to begin the daily Republican, which he himself carried
on, the first number being published on March 27. It
displayed unusual vigor and skill, and the Mexican War
coming on soon after largely extended its circulation.
For many years it had both the largest circulation and
the largest revenue of any newspaper published in a
small town in the United States. In 1853, the elder Mr.
Bowles having died, Clark W. Bryan was added to the
firm, and under his superintendence a large book and
job office was built up, and for a long time they were
extensive manufacturers of albums. In 1857 Mr. Bowles
took charge of a newspaper started in Boston, but soon
returned to Springfield, and in 1865 made a trip to the
Pacific shore with Speaker Colfax, which he afterwards
described in a published book. He died on January 16,
1878. His life by George S. Merriam appeared shortly
after. The business is still conducted by his son and

BoTffyer, "William, a printer of London, was born
in that city in 1663, being the son of John Bowyer, a
grocer. He was bound an apprentice in 1679 to Miles
Plesher, and was admitted to the freedom of the Com¬
pany of Stationers on October 4,1686. He was one of
the twenty printers allowed by the Court of Star Cham¬
ber, but this privilege was at that time drawing to a
close. In 1712 he was burned out, the loss of property
being estimated at £5,148 18s. This represented a much
larger establishment in proportion than could now be
set up for the same money, as a dozen presses, each em¬
ploying two men, could be purchased for the same sum
that is now required to buy a single cylinder. A sub¬
scription paper was soon after circulated among his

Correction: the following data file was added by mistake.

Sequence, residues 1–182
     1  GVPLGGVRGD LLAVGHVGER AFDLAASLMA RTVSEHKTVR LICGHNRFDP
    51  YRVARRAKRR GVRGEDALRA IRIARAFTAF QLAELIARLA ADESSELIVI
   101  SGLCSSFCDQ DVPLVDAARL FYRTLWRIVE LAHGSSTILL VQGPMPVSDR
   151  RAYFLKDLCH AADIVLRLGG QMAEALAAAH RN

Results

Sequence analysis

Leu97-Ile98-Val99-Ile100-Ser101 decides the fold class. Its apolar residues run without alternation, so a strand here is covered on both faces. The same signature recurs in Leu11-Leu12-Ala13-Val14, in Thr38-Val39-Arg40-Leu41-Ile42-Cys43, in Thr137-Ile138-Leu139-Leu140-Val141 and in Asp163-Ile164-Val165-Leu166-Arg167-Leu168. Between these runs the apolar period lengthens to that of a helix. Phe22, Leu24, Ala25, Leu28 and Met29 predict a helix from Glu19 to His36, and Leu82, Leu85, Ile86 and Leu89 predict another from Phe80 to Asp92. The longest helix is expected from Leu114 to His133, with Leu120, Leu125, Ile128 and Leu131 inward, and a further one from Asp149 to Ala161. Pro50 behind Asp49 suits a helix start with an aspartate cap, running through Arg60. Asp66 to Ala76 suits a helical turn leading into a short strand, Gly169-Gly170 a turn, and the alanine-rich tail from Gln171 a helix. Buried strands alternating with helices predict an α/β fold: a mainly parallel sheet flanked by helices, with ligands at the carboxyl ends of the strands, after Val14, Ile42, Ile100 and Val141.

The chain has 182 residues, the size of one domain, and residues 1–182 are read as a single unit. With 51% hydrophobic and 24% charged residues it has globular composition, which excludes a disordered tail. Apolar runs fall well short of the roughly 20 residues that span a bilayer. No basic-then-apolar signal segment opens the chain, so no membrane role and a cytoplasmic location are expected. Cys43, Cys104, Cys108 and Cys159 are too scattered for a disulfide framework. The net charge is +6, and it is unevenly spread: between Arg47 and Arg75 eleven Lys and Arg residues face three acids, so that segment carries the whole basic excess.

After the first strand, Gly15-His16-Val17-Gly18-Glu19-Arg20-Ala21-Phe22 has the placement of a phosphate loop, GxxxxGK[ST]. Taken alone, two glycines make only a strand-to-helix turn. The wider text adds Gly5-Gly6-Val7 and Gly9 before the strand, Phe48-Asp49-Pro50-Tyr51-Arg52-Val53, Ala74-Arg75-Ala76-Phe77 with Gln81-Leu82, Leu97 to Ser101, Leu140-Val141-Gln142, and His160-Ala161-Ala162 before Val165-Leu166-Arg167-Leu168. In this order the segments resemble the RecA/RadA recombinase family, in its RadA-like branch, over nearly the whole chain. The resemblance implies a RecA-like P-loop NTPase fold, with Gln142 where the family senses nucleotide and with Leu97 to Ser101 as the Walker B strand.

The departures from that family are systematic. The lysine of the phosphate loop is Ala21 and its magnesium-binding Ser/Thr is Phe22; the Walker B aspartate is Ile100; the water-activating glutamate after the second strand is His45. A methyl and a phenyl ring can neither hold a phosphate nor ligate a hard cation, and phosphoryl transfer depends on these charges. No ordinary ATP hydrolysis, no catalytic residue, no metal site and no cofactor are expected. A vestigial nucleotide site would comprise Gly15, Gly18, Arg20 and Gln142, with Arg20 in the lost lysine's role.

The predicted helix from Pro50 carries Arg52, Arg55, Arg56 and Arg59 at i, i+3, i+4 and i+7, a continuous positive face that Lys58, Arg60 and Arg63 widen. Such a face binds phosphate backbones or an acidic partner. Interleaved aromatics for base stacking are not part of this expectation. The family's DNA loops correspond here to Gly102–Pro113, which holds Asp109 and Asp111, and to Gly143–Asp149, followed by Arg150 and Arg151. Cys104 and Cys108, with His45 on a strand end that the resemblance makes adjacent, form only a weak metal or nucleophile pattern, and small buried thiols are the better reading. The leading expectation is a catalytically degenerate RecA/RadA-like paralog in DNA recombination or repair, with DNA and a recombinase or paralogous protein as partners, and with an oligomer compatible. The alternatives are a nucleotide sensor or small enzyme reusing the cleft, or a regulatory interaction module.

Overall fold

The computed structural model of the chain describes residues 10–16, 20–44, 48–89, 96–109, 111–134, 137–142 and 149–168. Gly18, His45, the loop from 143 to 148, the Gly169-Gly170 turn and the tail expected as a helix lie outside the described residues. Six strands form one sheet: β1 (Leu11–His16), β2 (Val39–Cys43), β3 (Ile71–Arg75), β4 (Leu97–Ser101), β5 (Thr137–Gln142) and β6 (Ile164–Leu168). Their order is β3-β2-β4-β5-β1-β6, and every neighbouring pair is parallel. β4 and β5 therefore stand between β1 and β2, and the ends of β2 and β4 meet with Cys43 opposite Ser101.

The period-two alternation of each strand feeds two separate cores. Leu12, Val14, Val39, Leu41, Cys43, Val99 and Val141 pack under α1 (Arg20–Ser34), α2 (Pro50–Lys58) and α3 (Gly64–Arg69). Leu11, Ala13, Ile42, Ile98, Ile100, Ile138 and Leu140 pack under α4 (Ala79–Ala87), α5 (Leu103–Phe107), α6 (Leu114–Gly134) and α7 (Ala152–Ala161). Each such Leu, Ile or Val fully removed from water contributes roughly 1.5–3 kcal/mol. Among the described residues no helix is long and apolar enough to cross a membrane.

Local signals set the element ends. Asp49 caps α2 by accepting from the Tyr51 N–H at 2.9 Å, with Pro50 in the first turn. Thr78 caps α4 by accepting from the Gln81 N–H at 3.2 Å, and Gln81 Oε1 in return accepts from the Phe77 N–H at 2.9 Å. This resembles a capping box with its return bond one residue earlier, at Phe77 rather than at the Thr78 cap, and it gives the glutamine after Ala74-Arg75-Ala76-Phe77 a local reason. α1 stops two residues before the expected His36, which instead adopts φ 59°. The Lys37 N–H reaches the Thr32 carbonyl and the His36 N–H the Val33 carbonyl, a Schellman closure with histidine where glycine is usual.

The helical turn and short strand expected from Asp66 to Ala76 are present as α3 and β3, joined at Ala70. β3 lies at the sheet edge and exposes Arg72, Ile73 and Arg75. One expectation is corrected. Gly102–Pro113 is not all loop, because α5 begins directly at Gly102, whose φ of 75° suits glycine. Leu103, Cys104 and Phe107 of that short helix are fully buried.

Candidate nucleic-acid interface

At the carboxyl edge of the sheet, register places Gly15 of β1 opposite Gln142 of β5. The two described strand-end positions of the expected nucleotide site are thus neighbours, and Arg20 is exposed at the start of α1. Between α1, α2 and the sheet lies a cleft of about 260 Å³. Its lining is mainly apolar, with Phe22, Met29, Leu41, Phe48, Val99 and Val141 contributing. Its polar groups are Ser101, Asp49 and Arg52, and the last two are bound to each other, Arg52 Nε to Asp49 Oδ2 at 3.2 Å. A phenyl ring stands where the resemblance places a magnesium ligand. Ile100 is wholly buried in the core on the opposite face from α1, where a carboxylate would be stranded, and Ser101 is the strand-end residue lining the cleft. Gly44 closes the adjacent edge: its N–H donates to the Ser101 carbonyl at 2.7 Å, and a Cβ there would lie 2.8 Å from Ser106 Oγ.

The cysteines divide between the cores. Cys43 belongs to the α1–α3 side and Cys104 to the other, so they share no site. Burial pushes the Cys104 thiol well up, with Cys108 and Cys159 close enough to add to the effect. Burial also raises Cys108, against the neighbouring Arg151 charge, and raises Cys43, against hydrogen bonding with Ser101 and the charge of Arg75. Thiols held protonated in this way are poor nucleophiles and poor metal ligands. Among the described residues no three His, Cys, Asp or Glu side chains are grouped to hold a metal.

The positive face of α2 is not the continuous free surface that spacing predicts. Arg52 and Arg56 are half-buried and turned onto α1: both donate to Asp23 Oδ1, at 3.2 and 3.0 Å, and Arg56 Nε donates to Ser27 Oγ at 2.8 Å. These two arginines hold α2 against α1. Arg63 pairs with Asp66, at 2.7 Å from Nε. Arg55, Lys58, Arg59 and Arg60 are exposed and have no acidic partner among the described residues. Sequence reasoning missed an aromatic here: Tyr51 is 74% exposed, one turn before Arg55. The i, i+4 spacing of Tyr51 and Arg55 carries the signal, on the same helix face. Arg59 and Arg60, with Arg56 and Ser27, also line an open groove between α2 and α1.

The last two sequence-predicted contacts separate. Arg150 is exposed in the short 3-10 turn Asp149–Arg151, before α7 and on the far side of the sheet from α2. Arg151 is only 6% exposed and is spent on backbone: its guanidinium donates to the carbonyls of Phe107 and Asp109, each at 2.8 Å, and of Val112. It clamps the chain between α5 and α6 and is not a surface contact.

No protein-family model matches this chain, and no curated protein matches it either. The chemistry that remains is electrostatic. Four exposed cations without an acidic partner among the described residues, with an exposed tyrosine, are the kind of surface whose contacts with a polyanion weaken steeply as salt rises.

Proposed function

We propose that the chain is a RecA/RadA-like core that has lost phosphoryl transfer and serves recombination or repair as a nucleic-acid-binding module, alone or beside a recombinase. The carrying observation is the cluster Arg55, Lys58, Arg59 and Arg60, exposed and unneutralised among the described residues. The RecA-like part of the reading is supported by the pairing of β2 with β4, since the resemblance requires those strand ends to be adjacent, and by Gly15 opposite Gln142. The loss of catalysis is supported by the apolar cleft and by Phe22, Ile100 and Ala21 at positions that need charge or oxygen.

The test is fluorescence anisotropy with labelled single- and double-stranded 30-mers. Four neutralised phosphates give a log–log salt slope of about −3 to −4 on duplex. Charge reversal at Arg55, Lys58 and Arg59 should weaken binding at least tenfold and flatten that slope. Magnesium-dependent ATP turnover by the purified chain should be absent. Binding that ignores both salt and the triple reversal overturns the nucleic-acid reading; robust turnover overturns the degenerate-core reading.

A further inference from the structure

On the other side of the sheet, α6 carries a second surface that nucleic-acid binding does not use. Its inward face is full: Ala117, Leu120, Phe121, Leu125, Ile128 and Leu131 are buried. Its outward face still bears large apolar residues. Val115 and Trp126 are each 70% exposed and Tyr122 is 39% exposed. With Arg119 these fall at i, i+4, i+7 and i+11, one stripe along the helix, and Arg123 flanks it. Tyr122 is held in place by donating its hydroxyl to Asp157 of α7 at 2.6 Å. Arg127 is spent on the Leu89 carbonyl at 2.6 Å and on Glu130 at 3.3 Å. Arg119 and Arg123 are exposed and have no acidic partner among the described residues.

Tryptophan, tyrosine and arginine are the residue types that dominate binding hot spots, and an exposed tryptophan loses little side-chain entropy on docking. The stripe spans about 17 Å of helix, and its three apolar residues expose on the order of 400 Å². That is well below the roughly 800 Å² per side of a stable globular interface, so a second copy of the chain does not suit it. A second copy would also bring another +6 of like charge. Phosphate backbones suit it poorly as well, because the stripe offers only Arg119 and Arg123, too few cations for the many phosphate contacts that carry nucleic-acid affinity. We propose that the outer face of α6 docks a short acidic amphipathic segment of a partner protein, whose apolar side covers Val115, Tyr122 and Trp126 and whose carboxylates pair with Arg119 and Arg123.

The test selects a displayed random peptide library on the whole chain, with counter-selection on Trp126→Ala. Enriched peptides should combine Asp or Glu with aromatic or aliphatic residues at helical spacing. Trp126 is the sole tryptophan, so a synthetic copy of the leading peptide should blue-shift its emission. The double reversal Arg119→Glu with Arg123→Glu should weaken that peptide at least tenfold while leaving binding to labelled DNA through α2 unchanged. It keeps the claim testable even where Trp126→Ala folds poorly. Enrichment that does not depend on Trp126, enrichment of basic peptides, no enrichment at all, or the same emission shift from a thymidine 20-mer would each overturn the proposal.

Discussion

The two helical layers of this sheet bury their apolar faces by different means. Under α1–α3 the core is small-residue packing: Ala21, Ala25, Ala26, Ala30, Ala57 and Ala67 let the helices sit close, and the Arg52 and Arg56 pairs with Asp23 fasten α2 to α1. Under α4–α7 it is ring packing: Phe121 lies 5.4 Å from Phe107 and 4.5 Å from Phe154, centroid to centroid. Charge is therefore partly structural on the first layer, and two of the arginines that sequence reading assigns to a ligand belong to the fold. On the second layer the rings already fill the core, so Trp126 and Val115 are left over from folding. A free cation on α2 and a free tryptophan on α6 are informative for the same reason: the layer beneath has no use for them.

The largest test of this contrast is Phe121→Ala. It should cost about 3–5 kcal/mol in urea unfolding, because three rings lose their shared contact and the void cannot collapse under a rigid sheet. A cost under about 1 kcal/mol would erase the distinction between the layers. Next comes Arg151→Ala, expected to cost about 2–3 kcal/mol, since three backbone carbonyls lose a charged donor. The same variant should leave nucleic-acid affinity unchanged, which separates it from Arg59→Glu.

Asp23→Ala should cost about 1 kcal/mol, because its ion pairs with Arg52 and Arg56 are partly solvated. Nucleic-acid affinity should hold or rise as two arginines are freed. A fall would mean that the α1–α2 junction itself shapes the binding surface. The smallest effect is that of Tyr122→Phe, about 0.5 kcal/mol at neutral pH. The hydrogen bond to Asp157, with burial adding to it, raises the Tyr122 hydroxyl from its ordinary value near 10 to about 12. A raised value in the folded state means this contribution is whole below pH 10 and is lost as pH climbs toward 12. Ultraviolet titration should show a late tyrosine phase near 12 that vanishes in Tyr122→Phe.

friends, which brought him in £1,162 5s. lOd., while a
royal brief, which seems to have been some kind of in¬
surance, added £1,377 9s. 4d., thus making the total
amount £2,539 15s. 2d. With this sum he again began
business, and was, as he had been before, very success¬
ful. He died on December 27, 1737, and it is recorded
that the funeral expenses were £37 10s. He was suc¬
ceeded by his son, William Bowyer the second, who had
been a partner with him from 1722. A marble monu¬
ment was erected to him in Low Leyton, in Essex, and
there is a brass plate with an inscription to his honor in
the Stationers' Hall.

Bowyer, William, the younger, entitled by Han¬
sard the most learned and distinguished printer of mod¬
ern times, was born in White Friars, London, on Decem¬
ber 19, 1699, and received his education at Merchant
Taylors' School and
St.* John's College,
Cambridge. He then
entered his father's
business, paying prin¬
cipal attention to the
correcting of proofs.
He was twice married.
His second wife, Mrs.
Elizabeth Bell, was
originally his house¬
keeper, but after her
marriage she so ap¬
plied herself that she
finally became able to
read the most learned
works that went
through the office.
She was an extraordi¬
nary woman, and was

highly appreciated by    william bowyer, the younger.
his friends, as her mod¬
esty equaled her acquirements.    In 1729, through the
friendship of the Speaker of the House of Commons,
Onslow, .Bowyer was made printer to that body, a posi-